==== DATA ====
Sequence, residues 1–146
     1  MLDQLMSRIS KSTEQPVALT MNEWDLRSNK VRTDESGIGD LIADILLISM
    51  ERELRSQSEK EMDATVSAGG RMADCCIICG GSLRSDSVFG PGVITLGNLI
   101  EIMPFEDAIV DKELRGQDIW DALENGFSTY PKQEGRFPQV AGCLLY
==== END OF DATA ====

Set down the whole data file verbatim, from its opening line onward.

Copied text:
Sequence, residues 1–146
     1  MLDQLMSRIS KSTEQPVALT MNEWDLRSNK VRTDESGIGD LIADILLISM
    51  ERELRSQSEK EMDATVSAGG RMADCCIICG GSLRSDSVFG PGVITLGNLI
   101  EIMPFEDAIV DKELRGQDIW DALENGFSTY PKQEGRFPQV AGCLLY